By Frank-Jürgen Richter
Formulating effective policy in our technologically advanced and globalised world has its challenges. It is within this context that the 2018 Horasis Global Meeting is taking place in Cascais, Portugal over 5-8th May. With over 600 world leaders and business leaders in attendance, this global meeting is about revitalisation and inspiration in a world of change, including new innovative solutions fit for the future, and coherent policies that take into consideration long-term trends rather than short-term gain.
One of the key areas the conference will attempt to address is business, and how to create systems and policies that genuinely work for in the interest of everyone rather than a select few. Indeed, in what would become a well-known thesis, David Ricardo postulated in 1817 that ‘comparative advantage’ was a universal concept that could lead to benefits for all. The concept suggests that ‘if the opportunity cost of making one unit of an item by a potential vendor (often overseas) is lower than the home country there is a logical potential for beneficial trade’. Two hundred years later we still struggle to understand this notion and we do not understand why.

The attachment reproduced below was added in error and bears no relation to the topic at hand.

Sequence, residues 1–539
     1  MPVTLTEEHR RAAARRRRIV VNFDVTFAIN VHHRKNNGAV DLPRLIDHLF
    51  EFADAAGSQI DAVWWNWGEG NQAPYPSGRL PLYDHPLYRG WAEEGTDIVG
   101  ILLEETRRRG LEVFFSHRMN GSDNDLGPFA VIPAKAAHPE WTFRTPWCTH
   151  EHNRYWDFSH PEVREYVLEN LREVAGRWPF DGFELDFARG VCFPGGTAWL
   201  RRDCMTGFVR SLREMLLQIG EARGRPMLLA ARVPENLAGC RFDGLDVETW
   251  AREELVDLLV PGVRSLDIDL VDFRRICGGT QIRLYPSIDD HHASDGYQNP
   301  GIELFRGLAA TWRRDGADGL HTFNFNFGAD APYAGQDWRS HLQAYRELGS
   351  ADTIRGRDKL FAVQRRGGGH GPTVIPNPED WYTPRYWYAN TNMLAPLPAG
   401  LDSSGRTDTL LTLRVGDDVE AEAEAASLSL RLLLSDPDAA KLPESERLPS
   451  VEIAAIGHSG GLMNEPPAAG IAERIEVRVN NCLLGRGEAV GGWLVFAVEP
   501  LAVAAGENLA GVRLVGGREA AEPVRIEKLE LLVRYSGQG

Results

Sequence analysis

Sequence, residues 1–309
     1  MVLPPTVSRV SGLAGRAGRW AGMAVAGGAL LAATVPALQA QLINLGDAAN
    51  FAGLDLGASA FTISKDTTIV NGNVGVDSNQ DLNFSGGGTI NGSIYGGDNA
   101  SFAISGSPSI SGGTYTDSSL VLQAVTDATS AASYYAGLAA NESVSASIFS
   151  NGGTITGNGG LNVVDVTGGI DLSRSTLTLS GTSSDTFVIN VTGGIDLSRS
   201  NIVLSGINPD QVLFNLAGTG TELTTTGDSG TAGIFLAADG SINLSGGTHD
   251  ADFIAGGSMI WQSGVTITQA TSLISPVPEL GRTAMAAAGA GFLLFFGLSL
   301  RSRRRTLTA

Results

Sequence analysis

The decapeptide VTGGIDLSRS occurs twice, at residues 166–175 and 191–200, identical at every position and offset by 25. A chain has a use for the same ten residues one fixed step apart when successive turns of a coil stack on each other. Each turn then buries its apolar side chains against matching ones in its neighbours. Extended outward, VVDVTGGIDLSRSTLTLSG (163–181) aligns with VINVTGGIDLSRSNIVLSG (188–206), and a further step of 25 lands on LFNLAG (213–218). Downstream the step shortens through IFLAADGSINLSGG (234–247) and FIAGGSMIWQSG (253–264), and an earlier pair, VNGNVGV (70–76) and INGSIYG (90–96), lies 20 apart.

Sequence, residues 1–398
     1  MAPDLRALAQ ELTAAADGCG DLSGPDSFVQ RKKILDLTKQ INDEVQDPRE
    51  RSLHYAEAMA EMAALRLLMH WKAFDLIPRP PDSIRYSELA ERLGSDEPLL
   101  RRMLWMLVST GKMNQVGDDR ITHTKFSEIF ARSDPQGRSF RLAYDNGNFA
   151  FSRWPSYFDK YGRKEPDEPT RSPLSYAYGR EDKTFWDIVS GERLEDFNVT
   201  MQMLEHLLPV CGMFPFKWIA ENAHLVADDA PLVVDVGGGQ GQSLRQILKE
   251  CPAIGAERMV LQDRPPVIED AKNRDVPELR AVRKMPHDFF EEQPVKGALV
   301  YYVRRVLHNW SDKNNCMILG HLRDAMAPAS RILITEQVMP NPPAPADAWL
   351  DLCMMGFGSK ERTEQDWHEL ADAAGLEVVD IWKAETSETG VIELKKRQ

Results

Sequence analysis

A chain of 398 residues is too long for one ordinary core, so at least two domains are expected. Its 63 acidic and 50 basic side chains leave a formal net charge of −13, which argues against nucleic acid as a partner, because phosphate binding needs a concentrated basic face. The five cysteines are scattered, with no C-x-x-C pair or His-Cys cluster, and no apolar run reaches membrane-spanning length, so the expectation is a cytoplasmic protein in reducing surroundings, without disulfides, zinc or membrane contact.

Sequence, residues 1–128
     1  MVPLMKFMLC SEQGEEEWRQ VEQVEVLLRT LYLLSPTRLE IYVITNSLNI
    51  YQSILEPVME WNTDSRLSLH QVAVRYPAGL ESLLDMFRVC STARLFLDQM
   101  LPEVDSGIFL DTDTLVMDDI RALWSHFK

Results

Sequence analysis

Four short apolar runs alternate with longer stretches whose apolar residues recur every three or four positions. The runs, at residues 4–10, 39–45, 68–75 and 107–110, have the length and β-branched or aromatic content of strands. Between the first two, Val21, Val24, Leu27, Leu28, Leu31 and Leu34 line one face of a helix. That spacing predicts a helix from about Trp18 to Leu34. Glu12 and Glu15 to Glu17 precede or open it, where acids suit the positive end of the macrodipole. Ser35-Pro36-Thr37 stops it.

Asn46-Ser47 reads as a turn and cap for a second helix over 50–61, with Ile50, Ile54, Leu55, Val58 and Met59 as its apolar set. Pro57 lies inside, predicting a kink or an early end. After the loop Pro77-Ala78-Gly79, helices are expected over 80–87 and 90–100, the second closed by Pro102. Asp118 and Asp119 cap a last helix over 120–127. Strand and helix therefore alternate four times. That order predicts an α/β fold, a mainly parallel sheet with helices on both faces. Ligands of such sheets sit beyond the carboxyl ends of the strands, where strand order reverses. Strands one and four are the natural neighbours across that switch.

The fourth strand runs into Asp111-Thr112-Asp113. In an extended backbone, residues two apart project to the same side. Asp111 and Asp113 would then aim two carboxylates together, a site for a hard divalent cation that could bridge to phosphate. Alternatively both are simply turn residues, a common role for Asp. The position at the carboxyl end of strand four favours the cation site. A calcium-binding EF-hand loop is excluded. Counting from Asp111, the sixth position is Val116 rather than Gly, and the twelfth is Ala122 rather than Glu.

With talk of international trade wars on the horizon, the following points outline the importance of comparative advantage and long-term planning in the modern context.
Traders instinctively use comparative advantage
Historically, buyers have practiced comparative advantage for millennia. The Celts, for instance, traded and bartered goods from the Atlantic to the Pacific before the Bronze Age; and earlier still obsidian was traded throughout the Levant and the Fertile Crescent.
Traders need standardisation
Second, the Industrial Revolution led engineers to understand ‘standardisation’ through which they could make bolts in one factory, nuts in another, and be confident in mating the two to join assemblies through holes drilled by a third party. This is little different to our current appreciation of Asia being the preferred assembly region for globally traded goods as they exert their comparative advantage, often in cheaper labour costs. Apple’s iPad/iPhone are good examples of intellectual property originating in the US (the basic electronic structure), components being sub-assembled in many nations with the final assembly undertaken in one of many factories in China for sale worldwide.
Where firms or a people can show they have excess resources and spare expertise someone will come to trade and, in a sense, take advantage of this fact for the benefit of all parties globally.